China 'not aware' of Dickson Yeo case, calls on US to stop using 'espionage issue' as smear

Hitting back at the United States.

Belmont Lay | July 28, 2020, 01:25 PM

China said on July 27 that it was unaware of the case of Singaporean Dickson Yeo Jun Wei who has been charged in the United States for being an illegal agent of China.

China also urged the United States to stop its "smear" campaign.

Chinese foreign ministry spokesperson Wang Wenbin made these remarks at a regular press briefing in response to press queries about the case.

Wang said it was "open knowledge" that the U.S. conducts espionage activities.

"It is open knowledge that the US runs an aggressive espionage and theft programme all across the globe, sparing not even its allies. There's solid evidence for this," Wang said.

"The world has seen the act of the real thief crying 'stop the thief' too many times."

"We urge the U.S. to stop using the so-called espionage issue to smear China."

Wang added that the U.S. has been "hyping up" such issues.

"I'm not aware of what you just mentioned," he said, when asked about Yeo's case.

"But I would like to point out that lately, U.S. law enforcement has been busy hyping up the so-called China infiltration and espionage issues to the point of paranoia."


Yeo pleaded guilty on July 24 in the U.S. to working for Chinese intelligence.

The former National University of Singapore (NUS) Lee Kuan Yew School of Public Policy PhD student said he was recruited by Chinese intelligence operatives in Beijing.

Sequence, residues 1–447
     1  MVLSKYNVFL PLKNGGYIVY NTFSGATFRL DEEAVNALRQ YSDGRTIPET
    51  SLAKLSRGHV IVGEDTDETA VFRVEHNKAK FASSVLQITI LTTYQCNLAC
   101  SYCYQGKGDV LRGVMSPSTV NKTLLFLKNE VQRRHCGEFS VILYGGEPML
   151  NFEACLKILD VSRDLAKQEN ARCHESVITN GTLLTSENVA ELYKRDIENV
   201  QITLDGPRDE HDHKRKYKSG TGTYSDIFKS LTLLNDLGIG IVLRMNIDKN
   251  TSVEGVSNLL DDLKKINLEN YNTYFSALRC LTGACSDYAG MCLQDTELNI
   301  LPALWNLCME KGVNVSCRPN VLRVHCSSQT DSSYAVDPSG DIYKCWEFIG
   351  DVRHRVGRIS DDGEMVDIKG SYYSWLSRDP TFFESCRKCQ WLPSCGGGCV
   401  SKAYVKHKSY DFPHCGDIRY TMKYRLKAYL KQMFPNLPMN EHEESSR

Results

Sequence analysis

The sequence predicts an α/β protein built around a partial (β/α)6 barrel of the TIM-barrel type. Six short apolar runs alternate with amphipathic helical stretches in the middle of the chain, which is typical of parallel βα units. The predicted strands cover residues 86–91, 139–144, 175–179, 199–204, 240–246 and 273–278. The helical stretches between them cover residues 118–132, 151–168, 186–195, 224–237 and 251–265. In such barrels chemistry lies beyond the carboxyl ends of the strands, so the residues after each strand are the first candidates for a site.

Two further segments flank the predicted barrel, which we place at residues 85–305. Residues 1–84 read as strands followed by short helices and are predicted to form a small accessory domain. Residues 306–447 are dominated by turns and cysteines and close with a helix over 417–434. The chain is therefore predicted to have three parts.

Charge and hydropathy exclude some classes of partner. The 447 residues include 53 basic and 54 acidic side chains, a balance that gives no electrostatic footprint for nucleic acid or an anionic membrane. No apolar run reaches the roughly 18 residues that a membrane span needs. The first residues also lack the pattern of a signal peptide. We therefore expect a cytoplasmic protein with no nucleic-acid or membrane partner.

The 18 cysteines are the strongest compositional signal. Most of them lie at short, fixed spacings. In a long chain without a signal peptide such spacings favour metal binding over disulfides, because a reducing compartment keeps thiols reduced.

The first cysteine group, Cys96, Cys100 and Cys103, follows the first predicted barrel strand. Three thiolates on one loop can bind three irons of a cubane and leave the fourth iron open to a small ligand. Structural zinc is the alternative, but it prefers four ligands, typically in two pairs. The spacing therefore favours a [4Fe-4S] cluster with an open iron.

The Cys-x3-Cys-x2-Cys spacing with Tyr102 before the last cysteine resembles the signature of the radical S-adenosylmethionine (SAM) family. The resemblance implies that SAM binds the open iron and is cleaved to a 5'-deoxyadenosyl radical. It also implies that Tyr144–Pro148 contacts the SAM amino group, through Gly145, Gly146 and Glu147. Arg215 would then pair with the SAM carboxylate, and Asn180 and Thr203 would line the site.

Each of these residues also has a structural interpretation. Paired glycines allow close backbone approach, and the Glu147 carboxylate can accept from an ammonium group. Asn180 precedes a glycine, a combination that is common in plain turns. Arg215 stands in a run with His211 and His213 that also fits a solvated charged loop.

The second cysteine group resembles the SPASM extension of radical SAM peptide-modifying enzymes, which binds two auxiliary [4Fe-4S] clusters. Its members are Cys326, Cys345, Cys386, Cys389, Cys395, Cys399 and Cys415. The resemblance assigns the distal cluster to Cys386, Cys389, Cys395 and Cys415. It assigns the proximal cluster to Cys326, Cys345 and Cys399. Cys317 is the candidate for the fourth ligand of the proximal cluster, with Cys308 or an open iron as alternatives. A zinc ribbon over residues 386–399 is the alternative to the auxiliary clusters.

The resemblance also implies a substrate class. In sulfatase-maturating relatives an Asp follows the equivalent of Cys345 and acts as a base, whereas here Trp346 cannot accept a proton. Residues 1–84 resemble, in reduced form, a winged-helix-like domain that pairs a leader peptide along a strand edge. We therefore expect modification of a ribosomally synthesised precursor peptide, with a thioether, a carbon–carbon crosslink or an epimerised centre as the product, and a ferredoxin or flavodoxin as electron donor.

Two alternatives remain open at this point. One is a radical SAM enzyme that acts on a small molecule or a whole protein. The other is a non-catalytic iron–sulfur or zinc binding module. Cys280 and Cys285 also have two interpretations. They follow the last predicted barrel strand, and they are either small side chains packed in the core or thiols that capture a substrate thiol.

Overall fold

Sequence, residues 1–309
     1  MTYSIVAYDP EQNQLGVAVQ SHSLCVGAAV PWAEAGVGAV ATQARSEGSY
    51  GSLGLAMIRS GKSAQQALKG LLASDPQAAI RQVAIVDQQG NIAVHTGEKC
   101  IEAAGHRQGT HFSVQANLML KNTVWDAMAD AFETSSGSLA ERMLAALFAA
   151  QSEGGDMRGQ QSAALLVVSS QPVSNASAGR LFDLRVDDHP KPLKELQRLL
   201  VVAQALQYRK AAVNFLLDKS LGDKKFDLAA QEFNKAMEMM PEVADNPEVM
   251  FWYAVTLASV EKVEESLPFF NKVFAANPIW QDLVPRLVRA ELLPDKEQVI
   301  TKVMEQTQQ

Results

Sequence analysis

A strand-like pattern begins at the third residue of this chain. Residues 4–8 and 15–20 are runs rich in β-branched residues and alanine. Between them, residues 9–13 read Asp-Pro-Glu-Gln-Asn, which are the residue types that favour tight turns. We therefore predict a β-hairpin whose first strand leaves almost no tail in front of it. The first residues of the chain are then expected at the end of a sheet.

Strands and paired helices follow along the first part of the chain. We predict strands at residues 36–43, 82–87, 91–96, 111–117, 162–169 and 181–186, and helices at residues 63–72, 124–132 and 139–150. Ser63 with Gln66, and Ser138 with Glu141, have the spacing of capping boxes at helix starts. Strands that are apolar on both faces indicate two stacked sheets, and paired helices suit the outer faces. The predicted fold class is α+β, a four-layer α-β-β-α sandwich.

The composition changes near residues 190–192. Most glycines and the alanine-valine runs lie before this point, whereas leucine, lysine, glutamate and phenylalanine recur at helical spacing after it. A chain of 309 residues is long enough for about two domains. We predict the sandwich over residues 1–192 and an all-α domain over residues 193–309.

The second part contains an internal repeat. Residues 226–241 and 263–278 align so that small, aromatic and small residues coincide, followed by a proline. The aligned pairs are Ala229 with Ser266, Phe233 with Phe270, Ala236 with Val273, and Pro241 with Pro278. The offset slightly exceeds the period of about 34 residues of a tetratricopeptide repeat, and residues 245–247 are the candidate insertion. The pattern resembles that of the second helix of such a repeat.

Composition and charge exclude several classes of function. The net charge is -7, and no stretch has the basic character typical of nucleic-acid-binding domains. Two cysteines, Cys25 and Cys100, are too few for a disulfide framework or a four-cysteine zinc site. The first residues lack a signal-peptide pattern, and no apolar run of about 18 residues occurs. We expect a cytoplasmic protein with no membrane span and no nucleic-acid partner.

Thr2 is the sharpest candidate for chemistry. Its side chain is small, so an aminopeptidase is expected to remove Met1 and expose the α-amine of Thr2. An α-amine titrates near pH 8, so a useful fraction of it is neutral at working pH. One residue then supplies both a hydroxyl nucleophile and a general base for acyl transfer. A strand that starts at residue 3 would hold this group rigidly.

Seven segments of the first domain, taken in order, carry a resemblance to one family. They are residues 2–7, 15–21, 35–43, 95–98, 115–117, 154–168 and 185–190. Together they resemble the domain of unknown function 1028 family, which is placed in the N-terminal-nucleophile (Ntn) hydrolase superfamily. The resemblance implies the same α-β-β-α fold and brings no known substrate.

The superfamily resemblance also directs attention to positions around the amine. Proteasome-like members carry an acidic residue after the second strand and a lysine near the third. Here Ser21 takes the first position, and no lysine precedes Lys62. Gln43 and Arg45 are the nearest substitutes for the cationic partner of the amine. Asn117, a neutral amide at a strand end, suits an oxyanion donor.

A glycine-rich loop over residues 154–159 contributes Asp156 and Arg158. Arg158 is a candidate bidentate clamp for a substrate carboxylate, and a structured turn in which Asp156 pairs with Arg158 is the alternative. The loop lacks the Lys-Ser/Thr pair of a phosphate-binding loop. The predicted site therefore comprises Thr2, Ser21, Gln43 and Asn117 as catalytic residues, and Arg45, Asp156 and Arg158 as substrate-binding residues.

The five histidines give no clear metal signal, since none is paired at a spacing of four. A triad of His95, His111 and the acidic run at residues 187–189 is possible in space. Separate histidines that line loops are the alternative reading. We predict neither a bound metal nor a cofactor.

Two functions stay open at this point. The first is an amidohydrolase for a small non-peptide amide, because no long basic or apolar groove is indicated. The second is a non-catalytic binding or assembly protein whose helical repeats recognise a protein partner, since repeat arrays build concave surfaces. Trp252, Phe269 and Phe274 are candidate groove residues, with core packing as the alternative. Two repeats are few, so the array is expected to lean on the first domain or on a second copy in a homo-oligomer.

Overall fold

From about 2015, he helped to collect non-public sensitive information about the U.S. military and government via a fake consultancy company he set up with Chinese assistance.

Wang's remarks came on the same day that Beijing announced the U.S. consulate in Chengdu was closed.

China ordered the facility to shut.

This tit-for-tat action came after the Chinese consulate in Houston, Texas was forced to be emptied out.

The closure of the Chengdu consulate is China's "legitimate and necessary response" to the "unjustified U.S. act" of closing China's consulate in Houston, Wang told reporters.

Wang said some U.S. staff members at the Chengdu consulate "were engaged in activities outside of their capacity, interfered in China's internal affairs, and endangered China's security and interests".

Washington officials also said the same thing: There had been unacceptable efforts by the Chinese consulate in Houston to steal U.S. corporate secrets and proprietary medical and scientific research.